Volunteers Distribute Organic Food to Springfield Residents to Combat Food Desert Disparities

Shown is Bryant-Smith with volunteers.
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Shown is Bryant-Smith with volunteers.

Andrea Bryant-Smith is a baker, but not a candle sticker maker! Her Pastries By Andrea/Too Nice Slice company organizes weekly food giveaways in the Springfield area. Every weekend Bryant and her volunteer staff rise early to distribute and feed hundreds of homeless people with healthy, organic fruits, vegetables, desserts, breads and hormone free meat. Currently the team borrows the St. John’s Lutheran church facility located on Silver Street to distribute the items. Bryant graduated from Andrew Jackson High school and holds a two year degree in Culinary Arts from Florida State College of Jacksonville. “Various farmers in Springfield and local grocers donate the organic food. We prefer healthy choices to distribute to the community,” said Bryant-Smith.

After six years of distributing food to the homeless, Bryant returned to FSCJ and registered for the Environmental Protection Agency training certificate course. The course is held to educate communities for sustainable futures to protect the environment and prepare for green jobs to reduce environmental contamination. “The course taught me about soil, water and growing fruits and vegetables. I was amazed at the information and vowed to not only feed the homeless organic foods, but to also start feeding and cooking healthier meals for my family,” she said. Bryant-Smith role model was her grandmother who grew up on the Eastside of Jacksonville and taught school in the area. Bryant-Smith grandmother also gave willing of the food in her cupboards and made sure that neighborhood families had enough to eat.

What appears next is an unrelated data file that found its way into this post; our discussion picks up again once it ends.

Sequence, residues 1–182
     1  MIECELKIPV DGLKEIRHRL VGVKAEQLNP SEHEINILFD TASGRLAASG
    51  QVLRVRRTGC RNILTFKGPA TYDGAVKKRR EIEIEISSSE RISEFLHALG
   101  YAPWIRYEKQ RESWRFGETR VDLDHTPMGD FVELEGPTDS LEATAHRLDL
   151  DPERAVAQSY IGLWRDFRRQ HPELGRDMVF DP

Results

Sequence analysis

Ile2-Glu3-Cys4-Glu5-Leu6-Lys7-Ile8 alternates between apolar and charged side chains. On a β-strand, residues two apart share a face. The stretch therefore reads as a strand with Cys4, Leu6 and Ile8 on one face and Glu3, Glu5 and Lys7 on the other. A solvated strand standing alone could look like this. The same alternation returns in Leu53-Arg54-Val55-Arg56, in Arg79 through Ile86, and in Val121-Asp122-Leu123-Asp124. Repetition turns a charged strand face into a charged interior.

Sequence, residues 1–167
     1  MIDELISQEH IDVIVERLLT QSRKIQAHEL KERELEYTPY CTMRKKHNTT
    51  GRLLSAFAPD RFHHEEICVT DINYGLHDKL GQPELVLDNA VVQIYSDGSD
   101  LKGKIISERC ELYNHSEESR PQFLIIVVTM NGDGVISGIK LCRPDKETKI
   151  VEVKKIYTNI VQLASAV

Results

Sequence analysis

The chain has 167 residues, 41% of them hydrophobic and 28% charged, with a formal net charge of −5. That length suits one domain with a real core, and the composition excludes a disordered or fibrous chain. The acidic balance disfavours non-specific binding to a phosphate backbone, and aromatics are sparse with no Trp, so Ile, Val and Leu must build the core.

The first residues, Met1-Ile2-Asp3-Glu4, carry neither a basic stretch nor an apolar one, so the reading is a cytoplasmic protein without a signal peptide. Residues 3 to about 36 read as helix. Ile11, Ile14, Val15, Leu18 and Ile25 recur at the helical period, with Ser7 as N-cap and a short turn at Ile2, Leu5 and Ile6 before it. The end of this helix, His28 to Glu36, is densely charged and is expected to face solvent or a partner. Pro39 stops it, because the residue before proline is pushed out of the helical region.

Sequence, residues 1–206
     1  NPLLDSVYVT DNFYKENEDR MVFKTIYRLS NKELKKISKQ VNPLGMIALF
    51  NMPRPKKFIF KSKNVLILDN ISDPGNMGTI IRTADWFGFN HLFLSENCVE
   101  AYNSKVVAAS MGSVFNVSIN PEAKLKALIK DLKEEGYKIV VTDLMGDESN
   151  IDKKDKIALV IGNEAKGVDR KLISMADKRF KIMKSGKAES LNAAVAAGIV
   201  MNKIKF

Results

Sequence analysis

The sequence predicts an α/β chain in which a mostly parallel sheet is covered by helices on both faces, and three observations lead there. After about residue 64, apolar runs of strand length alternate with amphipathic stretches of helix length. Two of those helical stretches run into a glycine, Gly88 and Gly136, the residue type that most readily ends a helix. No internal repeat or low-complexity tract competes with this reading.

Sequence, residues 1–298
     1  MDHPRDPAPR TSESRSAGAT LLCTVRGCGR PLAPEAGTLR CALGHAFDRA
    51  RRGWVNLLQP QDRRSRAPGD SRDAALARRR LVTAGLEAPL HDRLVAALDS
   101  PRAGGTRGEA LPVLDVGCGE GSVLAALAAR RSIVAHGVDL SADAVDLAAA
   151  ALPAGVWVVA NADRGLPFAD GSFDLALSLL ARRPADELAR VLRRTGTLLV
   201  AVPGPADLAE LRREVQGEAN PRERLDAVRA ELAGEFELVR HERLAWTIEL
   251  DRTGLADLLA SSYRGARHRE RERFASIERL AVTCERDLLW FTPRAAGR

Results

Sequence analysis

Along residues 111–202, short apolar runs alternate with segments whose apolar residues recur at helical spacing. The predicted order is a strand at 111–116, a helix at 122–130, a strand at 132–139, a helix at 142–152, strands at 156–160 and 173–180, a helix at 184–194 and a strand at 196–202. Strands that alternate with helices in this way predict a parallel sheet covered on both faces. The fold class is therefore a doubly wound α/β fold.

According to a recent Jacksonville Business Journal article, ‘Northwest Jacksonville is considered a food desert because it lacks access to healthy options. City Council plans to review Ordinance 2019-245, which seeks to adopt the “Full-Service Grocery Store Program,” an effort to determine solutions to bring healthy-food stores and educational programs to Northwest Jacksonville. It follows Ordinance 2018-195, which appropriated $3 million from the Northwest Jacksonville Economic Development Fund to develop programs to improve affordability, education and promote access to healthy food.’ Shown is Bryant-Smith with volunteers.

 

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